Việt Nam has taken significant measures to combat the illegal wildlife trade and protect biodiversity, according to officials, implementing a range of measures, including improving laws, increasing public awareness, and enforcing strict penalties for violations.
According to Đỗ Quang Tùng, director of the Ministry of Agriculture and Rural Development's Endangered Wildlife Conservation project, the country's legal framework for controlling the exploitation and trading of wildlife is comprehensive and appropriate for practical requirements. This includes the 2017 Forestry Law and related legal documents.
Tùng noted that the dissemination of legal regulations and coordination among stakeholders in legal enforcement has led to strict punishments for several violations and a significant reduction in demand for wildlife and its products which include food, medicine, and jewellery.
Statistics from the Forest Protection Department show that the number of violations related to wildlife across the nation decreased by 147 cases per year from 2018-2022 compared to 2013-2017.
However, illegal trading, transportation, and consumption of wildlife still occur with much more sophisticated tricks to evade law enforcement, notably the case of 17 captured tigers in the central province of Nghệ An in 2021.
Tùng admitted that the illegal trade of wild animals across the border remains a complex issue, requiring increased coordination and cooperation at the national, regional, and global levels.
Prevention also involves the improved capacity of law enforcement agencies and higher awareness among consumers.
Last year, the MARD and the US Agency for International Development (USAID) launched a project to protect endangered wildlife species over five years.
The project will coordinate with the Coalition to End Wildlife Trafficking Online, the Việt Nam Chamber of Commerce and Industry (VCCI), and the Việt Nam E-commerce Association (VECOM) to effectively adopt measures to prevent content related to wildlife trafficking crimes on social media platforms, advertising websites, and actions that encourage wildlife consumption.
It will also help raise awareness among the public and businesses on the risks associated with illegal wildlife trade, assist enterprises in building technical barriers, and take specific actions on each platform and website.
It should be recognised that the public’s reporting of wildlife infractions and the authorities' responsiveness have proven useful for the fight against wild game trafficking in the recent past.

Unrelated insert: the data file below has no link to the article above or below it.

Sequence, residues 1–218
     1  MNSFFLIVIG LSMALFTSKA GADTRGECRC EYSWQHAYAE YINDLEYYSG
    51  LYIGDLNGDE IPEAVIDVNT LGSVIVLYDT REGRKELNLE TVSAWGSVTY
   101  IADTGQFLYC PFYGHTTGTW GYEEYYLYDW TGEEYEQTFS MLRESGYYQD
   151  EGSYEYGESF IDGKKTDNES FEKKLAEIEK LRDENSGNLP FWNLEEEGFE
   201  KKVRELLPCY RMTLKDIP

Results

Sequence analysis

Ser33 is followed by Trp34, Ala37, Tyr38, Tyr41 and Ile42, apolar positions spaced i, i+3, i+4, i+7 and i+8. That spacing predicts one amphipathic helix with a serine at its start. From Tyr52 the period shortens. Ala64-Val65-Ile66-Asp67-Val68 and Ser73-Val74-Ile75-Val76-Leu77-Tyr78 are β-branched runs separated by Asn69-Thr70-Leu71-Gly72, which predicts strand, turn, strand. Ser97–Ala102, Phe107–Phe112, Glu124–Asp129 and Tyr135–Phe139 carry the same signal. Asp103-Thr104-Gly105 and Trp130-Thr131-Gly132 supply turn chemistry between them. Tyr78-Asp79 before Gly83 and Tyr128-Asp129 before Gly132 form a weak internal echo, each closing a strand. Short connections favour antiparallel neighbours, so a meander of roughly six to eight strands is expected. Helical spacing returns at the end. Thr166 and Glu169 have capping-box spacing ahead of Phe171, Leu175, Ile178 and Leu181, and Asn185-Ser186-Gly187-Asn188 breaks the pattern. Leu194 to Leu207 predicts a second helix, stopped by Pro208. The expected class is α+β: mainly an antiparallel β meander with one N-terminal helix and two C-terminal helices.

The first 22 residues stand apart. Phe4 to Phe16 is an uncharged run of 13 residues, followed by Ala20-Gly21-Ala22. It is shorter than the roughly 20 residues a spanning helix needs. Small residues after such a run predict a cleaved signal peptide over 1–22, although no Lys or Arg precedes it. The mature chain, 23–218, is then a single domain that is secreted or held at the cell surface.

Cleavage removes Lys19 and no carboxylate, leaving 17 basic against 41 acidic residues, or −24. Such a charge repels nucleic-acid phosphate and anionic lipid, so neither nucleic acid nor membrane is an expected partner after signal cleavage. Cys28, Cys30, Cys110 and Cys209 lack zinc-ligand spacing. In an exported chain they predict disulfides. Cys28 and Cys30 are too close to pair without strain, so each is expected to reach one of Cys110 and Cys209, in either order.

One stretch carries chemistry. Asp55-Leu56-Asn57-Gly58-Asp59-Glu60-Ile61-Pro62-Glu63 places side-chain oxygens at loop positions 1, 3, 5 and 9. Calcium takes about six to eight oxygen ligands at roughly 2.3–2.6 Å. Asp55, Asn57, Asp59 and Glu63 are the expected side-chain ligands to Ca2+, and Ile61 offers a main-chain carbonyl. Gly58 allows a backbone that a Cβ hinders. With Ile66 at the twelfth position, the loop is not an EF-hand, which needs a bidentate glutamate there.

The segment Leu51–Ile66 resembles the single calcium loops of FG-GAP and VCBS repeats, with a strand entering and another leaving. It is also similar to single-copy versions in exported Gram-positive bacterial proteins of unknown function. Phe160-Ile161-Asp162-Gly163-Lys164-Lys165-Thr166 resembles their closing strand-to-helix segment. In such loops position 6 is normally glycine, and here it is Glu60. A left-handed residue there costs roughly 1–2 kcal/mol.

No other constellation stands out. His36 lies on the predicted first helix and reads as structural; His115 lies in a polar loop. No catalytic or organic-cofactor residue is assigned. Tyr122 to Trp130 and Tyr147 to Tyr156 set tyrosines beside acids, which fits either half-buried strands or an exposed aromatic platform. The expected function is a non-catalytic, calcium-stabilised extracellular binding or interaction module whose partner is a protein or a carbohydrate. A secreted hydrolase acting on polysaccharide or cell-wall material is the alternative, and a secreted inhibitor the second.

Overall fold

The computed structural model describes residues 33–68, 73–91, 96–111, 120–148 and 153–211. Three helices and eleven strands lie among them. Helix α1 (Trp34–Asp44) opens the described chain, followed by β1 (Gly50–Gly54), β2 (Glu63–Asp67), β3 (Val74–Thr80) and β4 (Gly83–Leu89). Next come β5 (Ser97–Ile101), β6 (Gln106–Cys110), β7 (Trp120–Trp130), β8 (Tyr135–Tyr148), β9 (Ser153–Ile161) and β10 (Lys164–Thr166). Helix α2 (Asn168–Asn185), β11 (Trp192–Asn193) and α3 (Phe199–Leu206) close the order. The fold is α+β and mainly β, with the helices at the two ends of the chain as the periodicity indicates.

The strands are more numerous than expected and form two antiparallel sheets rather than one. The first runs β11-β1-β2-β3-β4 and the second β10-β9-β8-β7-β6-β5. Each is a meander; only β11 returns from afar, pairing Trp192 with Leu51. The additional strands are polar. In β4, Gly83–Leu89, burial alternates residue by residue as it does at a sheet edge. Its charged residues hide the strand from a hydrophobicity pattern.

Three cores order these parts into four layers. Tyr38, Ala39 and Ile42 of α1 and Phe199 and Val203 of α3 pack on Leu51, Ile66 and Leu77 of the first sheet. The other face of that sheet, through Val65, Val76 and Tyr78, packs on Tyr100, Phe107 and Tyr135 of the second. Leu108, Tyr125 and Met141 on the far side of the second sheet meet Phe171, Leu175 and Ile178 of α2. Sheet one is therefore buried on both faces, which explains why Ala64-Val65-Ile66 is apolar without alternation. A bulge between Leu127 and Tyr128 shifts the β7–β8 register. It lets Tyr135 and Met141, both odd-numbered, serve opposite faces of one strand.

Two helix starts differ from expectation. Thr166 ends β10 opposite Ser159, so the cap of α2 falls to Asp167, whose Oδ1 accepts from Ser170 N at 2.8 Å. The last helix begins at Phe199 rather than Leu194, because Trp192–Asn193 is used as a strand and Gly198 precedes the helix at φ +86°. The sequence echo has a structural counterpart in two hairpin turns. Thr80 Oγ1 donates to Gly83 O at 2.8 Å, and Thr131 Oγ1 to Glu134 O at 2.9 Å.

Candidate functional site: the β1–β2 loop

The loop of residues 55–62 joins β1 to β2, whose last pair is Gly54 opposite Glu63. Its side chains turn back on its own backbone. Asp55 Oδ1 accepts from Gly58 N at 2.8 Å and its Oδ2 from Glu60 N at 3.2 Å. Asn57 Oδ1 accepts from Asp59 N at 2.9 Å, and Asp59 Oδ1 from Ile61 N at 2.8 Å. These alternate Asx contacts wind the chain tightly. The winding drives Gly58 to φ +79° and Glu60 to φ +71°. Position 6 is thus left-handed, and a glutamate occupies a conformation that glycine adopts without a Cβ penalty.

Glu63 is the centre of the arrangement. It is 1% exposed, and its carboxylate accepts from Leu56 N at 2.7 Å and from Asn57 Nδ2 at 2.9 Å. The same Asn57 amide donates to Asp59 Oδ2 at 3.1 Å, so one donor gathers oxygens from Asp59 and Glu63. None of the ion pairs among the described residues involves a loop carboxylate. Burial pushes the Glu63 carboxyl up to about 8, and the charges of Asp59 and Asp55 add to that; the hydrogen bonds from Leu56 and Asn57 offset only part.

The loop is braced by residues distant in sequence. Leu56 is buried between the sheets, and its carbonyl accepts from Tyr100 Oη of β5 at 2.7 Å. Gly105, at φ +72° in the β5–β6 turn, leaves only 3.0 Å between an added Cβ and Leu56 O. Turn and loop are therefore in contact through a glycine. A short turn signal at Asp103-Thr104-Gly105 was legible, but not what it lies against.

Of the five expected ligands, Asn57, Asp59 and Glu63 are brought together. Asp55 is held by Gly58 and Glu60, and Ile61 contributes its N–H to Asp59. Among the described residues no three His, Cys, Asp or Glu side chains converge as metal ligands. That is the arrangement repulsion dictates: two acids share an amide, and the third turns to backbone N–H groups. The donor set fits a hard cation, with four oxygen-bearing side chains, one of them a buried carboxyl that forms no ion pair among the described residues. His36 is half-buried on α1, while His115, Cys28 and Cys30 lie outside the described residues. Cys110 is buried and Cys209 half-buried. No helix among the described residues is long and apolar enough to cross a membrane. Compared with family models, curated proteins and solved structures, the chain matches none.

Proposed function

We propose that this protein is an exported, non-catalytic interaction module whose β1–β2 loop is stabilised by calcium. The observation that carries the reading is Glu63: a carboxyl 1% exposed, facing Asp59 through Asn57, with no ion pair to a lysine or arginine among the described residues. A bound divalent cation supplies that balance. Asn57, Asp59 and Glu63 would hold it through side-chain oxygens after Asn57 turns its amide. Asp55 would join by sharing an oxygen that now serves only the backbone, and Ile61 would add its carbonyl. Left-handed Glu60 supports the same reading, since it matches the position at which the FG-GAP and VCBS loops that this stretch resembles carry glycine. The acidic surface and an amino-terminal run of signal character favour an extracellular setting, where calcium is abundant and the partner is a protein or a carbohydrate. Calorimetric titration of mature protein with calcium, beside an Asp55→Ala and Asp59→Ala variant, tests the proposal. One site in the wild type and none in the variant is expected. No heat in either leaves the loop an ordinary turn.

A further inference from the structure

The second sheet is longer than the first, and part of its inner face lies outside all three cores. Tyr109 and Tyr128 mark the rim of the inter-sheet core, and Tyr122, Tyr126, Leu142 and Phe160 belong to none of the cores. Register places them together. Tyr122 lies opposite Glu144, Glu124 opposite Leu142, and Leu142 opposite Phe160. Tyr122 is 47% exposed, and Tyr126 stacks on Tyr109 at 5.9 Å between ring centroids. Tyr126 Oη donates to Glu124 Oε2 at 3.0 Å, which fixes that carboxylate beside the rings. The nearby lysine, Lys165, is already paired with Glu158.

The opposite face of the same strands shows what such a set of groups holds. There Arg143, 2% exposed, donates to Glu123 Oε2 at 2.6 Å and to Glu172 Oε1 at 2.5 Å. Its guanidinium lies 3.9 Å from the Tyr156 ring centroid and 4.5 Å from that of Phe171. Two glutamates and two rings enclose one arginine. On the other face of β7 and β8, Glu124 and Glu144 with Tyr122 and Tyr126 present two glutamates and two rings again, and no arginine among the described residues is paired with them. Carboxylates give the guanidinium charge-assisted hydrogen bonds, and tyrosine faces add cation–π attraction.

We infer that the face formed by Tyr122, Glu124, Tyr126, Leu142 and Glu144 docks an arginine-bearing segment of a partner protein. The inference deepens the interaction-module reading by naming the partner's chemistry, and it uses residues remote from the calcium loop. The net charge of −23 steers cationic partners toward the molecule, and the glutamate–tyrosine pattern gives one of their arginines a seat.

An annual report released by the Education for Nature – Việt Nam (ENV) has shown efforts by authorities in 62 provinces and cities, excluding Bạc Liêu Province, that reported no infringements.
In 2022, law enforcement bodies, mainly the public security and forest protection forces, responded to 97 per cent of the wildlife violations reported via the ENV hotline 1800-1522, which helped people quickly liaise with authorities and report violations.
Authority responsiveness is key to establishing and maintaining effective cooperation with residents to combat wildlife crimes.
However, despite a relatively high response rate to reports, the rate of cases successfully dealt with remains low, at 28.9 per cent. Only one in every three violations related to living wild animals were successfully handled.
According to the ENV, local authorities must improve the effectiveness to raise the rate of successfully handled cases to at least 50 per cent in the coming years.
ENV Deputy Director Bùi Thị Hà said the report's results, first launched in 2020, are submitted to the people’s committees of provinces and cities to understand the situation compared to others nationwide.
With a relatively complete legal system on wildlife protection, the most important thing now is to enhance the effectiveness of law enforcement, she said.
She hoped that relevant agencies would pay more attention to the effective settlement of wildlife crimes regardless of whether the animals involved are rare or if violations are committed online or in reality.
In the Central Highlands province of Đắk Lắk, there are 37 domesticated elephants, a sharp fall from the 502 recorded in the early 1980s.
To promote wildlife protection, the ENV and the provincial Department of Information and Communications have connected the app Đắk Lắk Trực tuyến (Dak Lak Online) with a hotline for wildlife protection 1800-1522 since September 2022.
The province’s centre for elephant conservation, animal rescue, and forest management has instructed its staff members to install the app to introduce it to residents and encourage the public to report wildlife crimes and animals that require rescue.
In addition, the ENV and the Đắk Lắk department have also coordinated to hold seminars and training courses on wildlife crime settlement for press agencies, released short films, texted telephone subscribers, and shared images and messages online to disseminate legal regulations and discourage the public from wildlife trafficking and consumption. — VNS